I was glad to work John K3WWP again. I have been following his QRP adventures for a loooooong time. More than fifteen years, possible more. At first I heard someone calling but it was a weak signal. The K3 prefix, the QRP-feel of the signal and the persistence to keep calling lead me to believe it had to be K3WWP. Bingo. Sure enough John mentioned our contest contact.
I took a break on Sunday evening when twenty faded. My plan was to return for the last hour of the contest to run 40. But I fell asleep and didn’t bother to return to the shack. I ended up with just over 1200 contacts. I didn’t operate much because I wasn’t in a competitive mode. But it was fun when I was around.
Not much more to say. Just quoting myself from last year’s write-up:
It has now become clear that no spot means no rate. Period. People just hop from spot to spot. Many times I called CQ for a few minutes without answer. At last someone finally worked and spotted me, and then you work a few dozen stations in a few minutes until the effect wears out. Then it’s slow again until the next spot.
The new year continues to bring some low band fun. On several occasions I heard nice signals from the US of A on Top Band and I worked quite a few. Two new states on 160: Utah and Missouri. Maybe more but I didn’t keep track. I’ll find out when I upload to LotW.
The direct QSL cards are coming in already and I received a few emails too for QSL cards and LotW uploads. Strange, because each morning there are at least two other Belgians on 80/160. Let’s hope that the conditions like I experienced a few times over the past two weeks will return in the upcoming contests. ARRL DX CW could give 160 WAS as serious boost.
Again I worked a few dozen JA on 30 which might soon initiate a steady flow of direct QSL request from Japan. I could have tried 30m for USA but that is late at night, before their bedtime. I chose to go to bed in time myself and get up early. I shouldn’t end the holidays more tired than I was when they started.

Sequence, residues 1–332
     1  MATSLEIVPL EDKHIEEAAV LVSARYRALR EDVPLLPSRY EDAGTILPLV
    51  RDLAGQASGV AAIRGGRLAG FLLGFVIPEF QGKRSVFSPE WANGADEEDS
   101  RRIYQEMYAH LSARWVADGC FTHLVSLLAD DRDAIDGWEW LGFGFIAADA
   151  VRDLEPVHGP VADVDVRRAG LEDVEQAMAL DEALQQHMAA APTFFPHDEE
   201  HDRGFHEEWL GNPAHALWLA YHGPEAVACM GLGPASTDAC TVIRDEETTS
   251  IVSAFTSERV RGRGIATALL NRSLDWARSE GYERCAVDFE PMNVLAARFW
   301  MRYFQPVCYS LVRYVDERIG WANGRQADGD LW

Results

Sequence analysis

One morning the amp showed much reflected power on 80. How could that be? SWR had risen to 1.9:1 where it was 1.2:1. Although Top Band shares the feed point, it was not affected. As it turned out the 2.5mm² copper wire and the radials turned into a pencil sized popsicle. The ice had detuned the antenna. When the sun was up I lowered the wire and pulled it back up. The ice cracked and some pieces fell on my head. I took a broom and walked along the elevated radials to remove the ice. Antenna back to normal. Later that day bigger chunks of ice fell off the yagi and 40m dipole. Those pieces were bigger and made more noise as they hit the frozen lawn.
There was another technical issue. I put up a 30m vertical dipole that is rather close to the shack. Usually I use a horizontal dipole farther away. Whenever I keyed the rig, the WAN connection dropped. This is not a biggie. During for the short while I’m running 30m I can do without internet and all its applications. But there are other people in the house who like to read their mails and surf the web after breakfast. I have used this antenna in the past but I have replaced the router / Wi-Fi access point a few months ago. At first I didn’t blame this device. Since the LAN part of the network was working fine and the router told me that ‘WAN cable was not attached’, I suspected a problem with the TV coax cable or the cable modem. I tried google to find a link between cable access and 10 MHz but I didn’t find any.
One dit and the WAN link dropped, and a LED on the modem went out. It took half a minute to recover. One morning I took the effort to actually check the purpose of the LED on the modem that went out as soon as I touched the paddles. It was in fact the LED that indicates whether the modem is connected to an Ethernet device. Or if the UTP cable was plugged in or not. Hmm. I took a few clamp-on ferrites and choked the DC power lead and the UTP cable coming from the modem. I placed the ferrites as close to the router as possible. That cured it. I could now crank up the power to a full kilowatt and still the WAN link wouldn’t drop. Before even 100W broke the connection. This box with two dozen ferrite clamps has served me well over the years. Another legacy from my days as a broadcast tech. I can tell you that the box doesn’t contain two dozen clamps anymore. Many are in use in the shack to cure RFI problems. With success!